Kingston student gives back to charity after combatting bipolar, addiction and self-harm | The River

Addiction, self-harm and suicide have plagued one student for almost a decade, but the future is looking brighter for Alice Gee as she turns mental illness on its head. She is now using it to fuel her passion for eradicating the stigma through music.

Alice Gee, a media a cultural studies student is giving back to Mind, a mental health charity that has helped her, by hosting a night of live music.

“Mind your head: In aid on Mind”, was on October 26 at Notting Hill Arts Club. Alice is supporting Mind because it’s close to her, her family and friends.

Alice has battled for years with her mental health, but has turned her life around with the help of Mind.

She said: “Mind gave me a chance to move forward and combat what I felt was a life sentence.”

“Holding gigs is something I’ve been doing for a while due to being a musician and a freelance journalist for Guestlist. Doing it for Mind is not even something I had to think of.

“Music can feel like a safe haven to many people therefore it’s a no brainer combining the two. What a way to simulate and encourage people to help those who suffer with mental health.”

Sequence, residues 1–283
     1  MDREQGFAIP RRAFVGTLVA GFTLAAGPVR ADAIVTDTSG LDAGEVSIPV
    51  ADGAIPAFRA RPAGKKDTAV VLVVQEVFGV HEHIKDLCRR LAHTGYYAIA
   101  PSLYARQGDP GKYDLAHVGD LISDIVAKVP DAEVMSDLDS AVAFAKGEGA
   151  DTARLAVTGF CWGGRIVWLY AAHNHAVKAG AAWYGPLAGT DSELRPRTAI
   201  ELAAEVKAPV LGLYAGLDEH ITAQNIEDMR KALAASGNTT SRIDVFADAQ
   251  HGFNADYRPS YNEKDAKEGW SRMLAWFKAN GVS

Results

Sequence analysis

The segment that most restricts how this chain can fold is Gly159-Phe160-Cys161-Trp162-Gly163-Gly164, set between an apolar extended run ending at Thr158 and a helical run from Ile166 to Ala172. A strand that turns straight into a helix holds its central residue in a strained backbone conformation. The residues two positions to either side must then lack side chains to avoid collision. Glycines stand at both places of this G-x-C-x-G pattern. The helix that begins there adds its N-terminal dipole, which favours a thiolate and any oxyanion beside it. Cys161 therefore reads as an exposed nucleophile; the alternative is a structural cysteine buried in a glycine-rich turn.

Alice has now come to terms with being bipolar and is now on the right combination of medication that is helping balance her life.

“My bipolar is a reason not an excuse for my behaviour,” said Alice. Her behaviour with drugs and self-harm hurt a lot of people around her, but she no longer wanted to be seen as “the addict”.

Alice also counts the positives of having bipolar disorder by saying she is more aware and able to empathise with other people when they are struggling and not be judgemental.

Alice struggled with addiction to prescription and over-the-counter drugs because she believed “the painkillers would also take away the pain in my head.”

Her lowest point was at 17 after struggling with a past break up she struggled to cope with her own mental turmoil and tried to end her life. It was horrifying for a friend when she had to clean up her attempt. Alice said: “Afterwards, I drove to my friend’s house and she patched me up. I was covered in blood, they were covered in blood.”

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Kingston student gives back to charity after combatting bipolar, addiction and self-harm

img: James Berry (left) and George Osborne visit Lidl store in Chessington. Photo Credit: Rex Features

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